institutions, clubs, hospitals and various govt.[viii] departments, apart from
mines, factories and businesses. Sections 22 and 23 of the Act lays down the
procedures of going to strike and any deviation from the provisions stated here
makes the strike 'illegal' in the eyes[ix] of law. Section 24 of the Act defines
and differentiates between a legal strike and an illegal strike. It states that
an illegal strike is one which breaches the procedure of strike as mentioned in
Sections 22 and 23[x].
Thus, it's quite evident that The Industrial Disputes
Act, 1947, implies the legal recognition of those strikes which conform to the
laid down procedures. The statutory provisions are in place to differentiate
between the legality or illegality of the strike; with the final call regarding
it to be taken by the judiciary[xi].
Strike under the Industrial Disputes Act, 1947
According to Webster's dictionary, the term strike is defined as 'the act of
quitting work done by mutual understanding by a body of workmen as a means of
enforcing compliance with demands made on their employers; a stopping of work by
workmen in order to obtain or resist a change in condition of employment. [xii]'
Justice Bhagwati was of the opinion that the right to strike is an integral
aspect of collective bargaining and right is a process recognized by industrial
jurisprudence[xiii] and supported by social justice[xiv].
Section 2(q) of the
Industrial Disputes Act, 1947 states that a cessation of work by a body of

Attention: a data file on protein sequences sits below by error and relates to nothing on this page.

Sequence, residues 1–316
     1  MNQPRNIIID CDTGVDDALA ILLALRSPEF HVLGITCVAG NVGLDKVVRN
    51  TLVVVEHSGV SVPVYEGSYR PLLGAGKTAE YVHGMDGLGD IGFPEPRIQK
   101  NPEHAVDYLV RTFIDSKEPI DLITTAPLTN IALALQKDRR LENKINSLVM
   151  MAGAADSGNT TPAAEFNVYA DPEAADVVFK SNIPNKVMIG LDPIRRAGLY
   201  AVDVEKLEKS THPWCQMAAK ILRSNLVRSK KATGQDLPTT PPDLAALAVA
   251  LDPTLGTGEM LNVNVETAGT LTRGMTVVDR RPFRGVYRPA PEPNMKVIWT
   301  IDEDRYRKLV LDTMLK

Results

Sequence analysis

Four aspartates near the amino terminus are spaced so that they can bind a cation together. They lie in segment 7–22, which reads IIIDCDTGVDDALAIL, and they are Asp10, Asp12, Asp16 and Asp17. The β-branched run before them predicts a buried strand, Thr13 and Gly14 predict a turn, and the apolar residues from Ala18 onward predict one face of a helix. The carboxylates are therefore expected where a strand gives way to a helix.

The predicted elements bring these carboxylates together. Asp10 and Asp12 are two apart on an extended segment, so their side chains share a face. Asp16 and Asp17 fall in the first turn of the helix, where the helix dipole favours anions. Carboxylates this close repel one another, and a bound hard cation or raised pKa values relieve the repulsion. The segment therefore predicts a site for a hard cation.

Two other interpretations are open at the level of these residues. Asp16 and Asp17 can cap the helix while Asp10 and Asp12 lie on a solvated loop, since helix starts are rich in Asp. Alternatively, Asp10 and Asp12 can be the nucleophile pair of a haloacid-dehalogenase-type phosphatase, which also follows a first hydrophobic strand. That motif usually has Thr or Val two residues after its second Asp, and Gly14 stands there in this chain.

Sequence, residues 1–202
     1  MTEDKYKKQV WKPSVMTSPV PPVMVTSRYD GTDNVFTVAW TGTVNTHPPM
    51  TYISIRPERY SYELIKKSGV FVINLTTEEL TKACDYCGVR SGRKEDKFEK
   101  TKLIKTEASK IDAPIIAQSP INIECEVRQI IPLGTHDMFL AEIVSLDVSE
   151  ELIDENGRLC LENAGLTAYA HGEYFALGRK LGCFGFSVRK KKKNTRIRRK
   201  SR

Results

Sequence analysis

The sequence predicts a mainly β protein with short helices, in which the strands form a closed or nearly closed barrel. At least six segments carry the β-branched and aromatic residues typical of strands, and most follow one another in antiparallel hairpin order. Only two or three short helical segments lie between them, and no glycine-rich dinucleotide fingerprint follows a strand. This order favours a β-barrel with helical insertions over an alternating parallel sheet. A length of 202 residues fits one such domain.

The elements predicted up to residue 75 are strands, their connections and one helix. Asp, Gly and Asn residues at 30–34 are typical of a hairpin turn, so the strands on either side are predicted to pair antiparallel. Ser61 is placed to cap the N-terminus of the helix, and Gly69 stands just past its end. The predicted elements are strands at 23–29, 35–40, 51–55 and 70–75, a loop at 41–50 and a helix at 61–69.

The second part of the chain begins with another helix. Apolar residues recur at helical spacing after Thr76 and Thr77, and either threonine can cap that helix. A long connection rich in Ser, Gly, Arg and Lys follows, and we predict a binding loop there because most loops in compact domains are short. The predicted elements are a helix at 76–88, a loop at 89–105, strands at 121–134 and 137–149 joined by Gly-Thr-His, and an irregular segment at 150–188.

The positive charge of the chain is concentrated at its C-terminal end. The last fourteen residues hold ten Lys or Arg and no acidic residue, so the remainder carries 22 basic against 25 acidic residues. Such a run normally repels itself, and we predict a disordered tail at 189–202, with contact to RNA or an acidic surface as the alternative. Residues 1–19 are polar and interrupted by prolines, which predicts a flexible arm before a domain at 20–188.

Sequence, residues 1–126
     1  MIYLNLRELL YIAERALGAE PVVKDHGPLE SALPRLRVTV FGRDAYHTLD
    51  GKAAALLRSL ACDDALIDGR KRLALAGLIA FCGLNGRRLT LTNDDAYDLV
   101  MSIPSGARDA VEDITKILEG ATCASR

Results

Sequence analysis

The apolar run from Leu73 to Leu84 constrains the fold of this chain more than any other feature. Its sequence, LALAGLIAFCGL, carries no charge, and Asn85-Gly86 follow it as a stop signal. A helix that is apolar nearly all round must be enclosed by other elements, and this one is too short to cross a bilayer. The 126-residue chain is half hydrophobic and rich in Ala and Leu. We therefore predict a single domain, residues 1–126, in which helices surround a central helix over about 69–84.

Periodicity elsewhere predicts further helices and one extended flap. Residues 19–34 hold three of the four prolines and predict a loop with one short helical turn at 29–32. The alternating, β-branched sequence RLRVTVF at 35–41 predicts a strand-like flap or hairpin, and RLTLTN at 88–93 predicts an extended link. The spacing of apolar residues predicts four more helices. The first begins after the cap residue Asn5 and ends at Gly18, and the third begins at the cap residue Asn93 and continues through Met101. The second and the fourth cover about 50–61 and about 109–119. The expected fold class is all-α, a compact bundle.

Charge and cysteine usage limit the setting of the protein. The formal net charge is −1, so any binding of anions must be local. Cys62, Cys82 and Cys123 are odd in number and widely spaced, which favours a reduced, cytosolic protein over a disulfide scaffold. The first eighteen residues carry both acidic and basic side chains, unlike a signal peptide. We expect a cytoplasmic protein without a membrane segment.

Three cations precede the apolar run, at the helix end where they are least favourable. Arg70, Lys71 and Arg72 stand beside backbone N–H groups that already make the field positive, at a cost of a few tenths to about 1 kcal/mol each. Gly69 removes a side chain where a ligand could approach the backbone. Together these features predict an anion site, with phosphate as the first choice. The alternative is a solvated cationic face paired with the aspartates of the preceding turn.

persons employed in any industry acting in combination or a concerted[xv]
refusal, or a refusal under a common understanding, of any number of persons who
are or have been so employed to continue to work or to accept employment[xvi]
[xvii]. If the procedure to go on a strike which is mentioned in the act is not
followed then the strike is supposed as an illegal strike. Section 22(1) of the
Industrial Disputes Act talks about the certain prohibition on the right to
In the case of Uden v Schaeffer
[xix], the court gave the
definition of the word strike in a comprehensive manner: 'Strike is act of
quitting by a body of workmen, for[xx] the purpose of coercing their employer to
accede to some demands they have made upon him and which he has refused; but it
is not a strike for workmen to quit work[xxi], either singly or in a body, when
they quitted without intention to return to work, whatever may be the reason
that moves them to do so'.
The right to Strike is an advantage for the employees
who are given to them to help them to negotiate and to get their demands
fulfilled. The right to strike also works in favour for the trade unions and
workers union and help them get justice for the workers if there is any
violation of their rights. If workers stop the work individually, it won't
amount to strike whereas if bodies of person who are employed in any industry do
cessation of work, then it will be considered as a strike.
Disputes Act which talks about right to strike has an essential element for
strike and i.e. Cessation of work or refusal to do any work. If there is no
refusal to do the work then it won't amount to Strike. Thus, it is important to
prove that there was a refusal to do the work or stoppage of work from the